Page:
The primary objective of the Devarahipparigi Wind Power Project involves the deployment and operation of 100GW of wind capacity in Karnataka state of India. The project is grid-connected, so this means it delivers clean power to the wider power system to displace existing fossil fuel power. Over the lifetime of the projects reporting period it will help avoid the release of 268,604 tonnes of CO2 emissions.
The project also aims to deliver localised co-benefits that align with the Sustainable Development Goals. These are as follows:
Goal 6 - Clean Water and Sanitation: from this project, 4,000 people from local villages will receive a clean drinking water supply
Goal 7 - Affordable and Clean Energy: during the monitoring period, 263,489MWh of renewable power is delivered to the grid.
Goal 8 - Decent Work and Economic Growth: A customised training programme for engineers and plant operators has been developed for workers on this project; skills which bolster the development of the low carbon supply chain in Karnataka.
Goal 13 - Climate Action: the generation of 283,489MWh of clean power from the project equates to the avoidance of 268,604 tonnes of CO2
Goal 15 - Life on Land: As part of the project, the developers have organised a plantation drive for the area, planting 1,300 tree saplings during the project monitoring period.
The purpose of the project activity is to enable the generation of energy by converting wind to electricity and selling it to the grid for consumption in homes, businesses and industry across the Karnataka.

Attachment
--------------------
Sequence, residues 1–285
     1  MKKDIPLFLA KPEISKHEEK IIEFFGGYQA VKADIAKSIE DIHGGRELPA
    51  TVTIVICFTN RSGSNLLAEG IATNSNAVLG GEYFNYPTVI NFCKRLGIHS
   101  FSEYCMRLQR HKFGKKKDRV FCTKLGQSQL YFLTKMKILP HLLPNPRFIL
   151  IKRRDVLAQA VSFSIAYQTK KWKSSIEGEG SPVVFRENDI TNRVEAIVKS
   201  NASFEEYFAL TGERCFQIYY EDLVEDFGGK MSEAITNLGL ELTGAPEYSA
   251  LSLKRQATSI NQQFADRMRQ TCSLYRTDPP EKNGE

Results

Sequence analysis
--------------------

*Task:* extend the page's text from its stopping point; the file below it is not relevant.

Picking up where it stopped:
Supporting the decarbonisation of India's grid is of global importance. To-date, around 75% of India's electricity mix is from fossil fuels, the power system is responsible for around 50% of the country's total emissions (2.5 billion tonnes per year), and is the third dirtiest in the world (after Poland and South Africa).
As the generation of renewable power from wind and solar does not require the burning of any fossil fuels, it can start to curb India's runaway annual CO2 emissions. The financing of these projects is critical in helping them scale-up and displace existing fossil fuel. The estimated annual average GHG emission reductions from the project activity will be 268,604 tonnes of CO2.
Carbon offsets help make this project possible by providing the necessary financing to make these energy installations cost-competitive with legacy fossil fuel technology in the region. This 'additionality' of carbon offsetting is critical for supporting the early deployment of renewable energy. As low carbon solutions are more widely deployed in developing countries such as India, supply chains will be built, the workforce will be upskilled, and these solutions will being to proliferate across the country. Importantly, additionality is a prerequisite for the environmental integrity of any carbon credit, protecting the buyer’s claim to have enabled climate mitigation and underpinning the integrity of offsetting and other financial claims.
According to International Energy Agency data, just 4.23% of India's total energy supply came from solar and wind in 2018, despite the countries vast solar and wind resource, demonstrating the critical need to support the scaling of this technology immediately.
The project has also allocated additional resources to provide localised co-benefits in the surrounding area, through a tree planting initiative and the installation of a well for local villagers.